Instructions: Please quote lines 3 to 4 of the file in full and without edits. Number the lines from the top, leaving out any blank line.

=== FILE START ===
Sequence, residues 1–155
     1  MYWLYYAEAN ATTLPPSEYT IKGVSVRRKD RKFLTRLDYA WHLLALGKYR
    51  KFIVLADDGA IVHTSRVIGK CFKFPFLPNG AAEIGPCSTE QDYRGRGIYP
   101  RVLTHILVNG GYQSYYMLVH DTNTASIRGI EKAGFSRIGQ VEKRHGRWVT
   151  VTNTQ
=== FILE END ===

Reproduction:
    51  KFIVLADDGA IVHTSRVIGK CFKFPFLPNG AAEIGPCSTE QDYRGRGIYP
   101  RVLTHILVNG GYQSYYMLVH DTNTASIRGI EKAGFSRIGQ VEKRHGRWVT